The Ever-Important Laws of Money

Greetings from Europe!

I’m currently traveling to find exciting new developments for my loyal readers. But I’ve been busy writing my daily thoughts for you to read here at Gilder’s Daily Prophecy.

I often discuss an important idea in my Prophecies: The Information Theory of Economics.

In the information theory of economics, once you grasp knowledge as wealth and growth as learning, the key theme unifying it all is money as time.

Let me sum it up in fourteen laws:

  1. Material resources are intrinsically abundant and changeless — the atoms of the universe, which were as available to the caveman as to us.
  2. In order to guide and gauge the course of economic tradeoffs and transactions, priorities and goals, money must be scarce.
  3. What remains scarce when all else is abundant is time.
  4. Time is the fundamental scarce resource pervading, governing, and constraining all economic activity.
  5. Money is the way this essential scarcity of time is fungibly translated into all the transactions, investments, and valuations of an economy.
  6. Money is a measure of wealth, not wealth itself; a measuring stick of value, not its vessel; a metric, not a commodity. A measuring stick cannot be part of what it measures.
  7. The true prices in economics are time-prices: The work time to earn the money to buy a good or service, and the work time to produce a good or service. Both are measured in hours, minutes, and seconds. Across an entire economy both are the same. Supply is demand.
  8. Time-prices measure in one universal number the effects of economic progress, both the increase in real wages and the drop in real costs. Time-prices obviate the consumer price indices, GDP deflators, and purchasing power parities that muddle all existing economic data.
  1. Time-prices can be crudely translated into currencies and compared by dividing the gross domestic product or gross output of any economy — whether of the nation or the world — by the total hours of work, yielding the wage of an average worker.
  2. The difference between the time to earn the money to buy a good or service and the time to produce it registers its profitability in time.
  3. Money is time, but time is not money. Money must be invented and managed.
  4. The two ways money is conventionally managed are by quantity and by price. It can be fixed in volume or fixed in value. If it is fixed in supply, as monetarists and central bankers widely recommend, it becomes volatile and unsettled in price and cannot serve as a vessel of information. This is Milton Friedman’s supreme error, for which he won the Nobel Prize and the respect of leftist such as Paul Krugman. Money controlled by volume becomes a vessel of speculation rather than a unit of account and transactions. The only path to stable money is to peg the price to a physical constant — time — and let the volume grow as much as enterprises see profitable ways to use it.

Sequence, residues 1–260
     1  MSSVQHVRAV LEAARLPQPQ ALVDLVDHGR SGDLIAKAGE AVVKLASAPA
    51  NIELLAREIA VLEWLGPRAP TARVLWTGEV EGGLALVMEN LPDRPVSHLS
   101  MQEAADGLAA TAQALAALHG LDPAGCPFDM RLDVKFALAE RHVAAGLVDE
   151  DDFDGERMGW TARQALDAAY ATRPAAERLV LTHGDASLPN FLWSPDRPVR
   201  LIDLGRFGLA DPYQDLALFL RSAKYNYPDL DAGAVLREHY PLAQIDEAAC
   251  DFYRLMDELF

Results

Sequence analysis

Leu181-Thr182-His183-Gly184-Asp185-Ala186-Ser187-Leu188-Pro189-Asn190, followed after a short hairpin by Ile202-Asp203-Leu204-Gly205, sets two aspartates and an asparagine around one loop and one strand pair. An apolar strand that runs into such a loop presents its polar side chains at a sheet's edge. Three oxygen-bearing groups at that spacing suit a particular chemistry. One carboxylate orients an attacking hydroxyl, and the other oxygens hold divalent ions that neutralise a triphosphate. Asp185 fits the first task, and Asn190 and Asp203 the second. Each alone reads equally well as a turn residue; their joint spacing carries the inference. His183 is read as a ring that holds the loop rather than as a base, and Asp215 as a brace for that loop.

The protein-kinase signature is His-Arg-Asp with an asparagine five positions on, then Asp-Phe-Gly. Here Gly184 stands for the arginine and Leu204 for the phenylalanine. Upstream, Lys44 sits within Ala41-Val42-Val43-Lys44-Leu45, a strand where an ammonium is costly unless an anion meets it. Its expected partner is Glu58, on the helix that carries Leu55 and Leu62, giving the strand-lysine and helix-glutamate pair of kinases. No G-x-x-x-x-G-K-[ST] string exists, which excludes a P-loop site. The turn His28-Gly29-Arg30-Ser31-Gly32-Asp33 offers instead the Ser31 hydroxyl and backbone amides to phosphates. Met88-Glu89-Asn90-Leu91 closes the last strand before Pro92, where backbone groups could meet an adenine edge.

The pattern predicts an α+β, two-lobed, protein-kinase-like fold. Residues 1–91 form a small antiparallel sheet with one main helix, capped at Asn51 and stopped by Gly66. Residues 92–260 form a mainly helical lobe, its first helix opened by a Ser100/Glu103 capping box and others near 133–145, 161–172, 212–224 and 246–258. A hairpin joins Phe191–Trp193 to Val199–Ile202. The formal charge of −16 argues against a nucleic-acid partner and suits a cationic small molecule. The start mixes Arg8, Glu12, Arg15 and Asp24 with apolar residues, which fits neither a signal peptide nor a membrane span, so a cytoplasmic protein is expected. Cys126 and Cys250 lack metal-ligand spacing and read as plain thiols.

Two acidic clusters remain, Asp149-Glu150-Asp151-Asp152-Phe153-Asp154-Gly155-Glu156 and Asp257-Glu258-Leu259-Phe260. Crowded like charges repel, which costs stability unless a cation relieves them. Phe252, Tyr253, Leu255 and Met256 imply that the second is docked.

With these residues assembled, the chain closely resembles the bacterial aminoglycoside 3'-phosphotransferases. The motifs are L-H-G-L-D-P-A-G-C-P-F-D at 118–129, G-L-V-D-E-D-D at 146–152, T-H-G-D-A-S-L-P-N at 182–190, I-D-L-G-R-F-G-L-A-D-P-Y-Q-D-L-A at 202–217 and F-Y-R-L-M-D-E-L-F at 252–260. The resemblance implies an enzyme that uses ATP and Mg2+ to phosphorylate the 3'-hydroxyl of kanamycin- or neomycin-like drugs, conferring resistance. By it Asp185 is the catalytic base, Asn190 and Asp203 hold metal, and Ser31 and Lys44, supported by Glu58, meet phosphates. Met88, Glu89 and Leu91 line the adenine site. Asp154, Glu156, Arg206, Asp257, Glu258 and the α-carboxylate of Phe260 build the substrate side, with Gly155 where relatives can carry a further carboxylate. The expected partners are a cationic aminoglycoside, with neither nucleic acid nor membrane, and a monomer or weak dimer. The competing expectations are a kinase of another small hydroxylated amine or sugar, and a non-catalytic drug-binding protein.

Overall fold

5. The most successful form of money invented by humans is gold. The time-price to mine or produce gold has scarcely changed in millennia. The time-price to buy it has dropped as a result of economic progress — the growth of knowledge and learning — or increased as a result of government manipulation.
  6. The rise of the digital economy and the invention of the blockchain by one Satoshi Nakomoto provide a unique opportunity to reestablish money as a source of information rather than a tool for speculation.

Today’s Prophecy

Hundreds of attempts have been made to launch new digital currencies, but none have yet succeeded.

As a result, hundreds of cryptocurrencies now languish in shadows of doubt and incoherence. All have foundered on a failure to grasp the crucial principles and secret laws propounded of money.

When investing in cryptocurrencies, the central rule is to assure that it follows the laws of money as time. Time is not a commodity but a measure of all commodities.

Regards,

George Gilder
Editor, Gilder’s Daily Prophecy

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George Gilder

George Gilder is the most knowledgeable man in America when it comes to the future of technology — and its impact on our lives.

He’s an established investor, writer, and economist with an uncanny ability to foresee how new breakthroughs will play out, years in advance.

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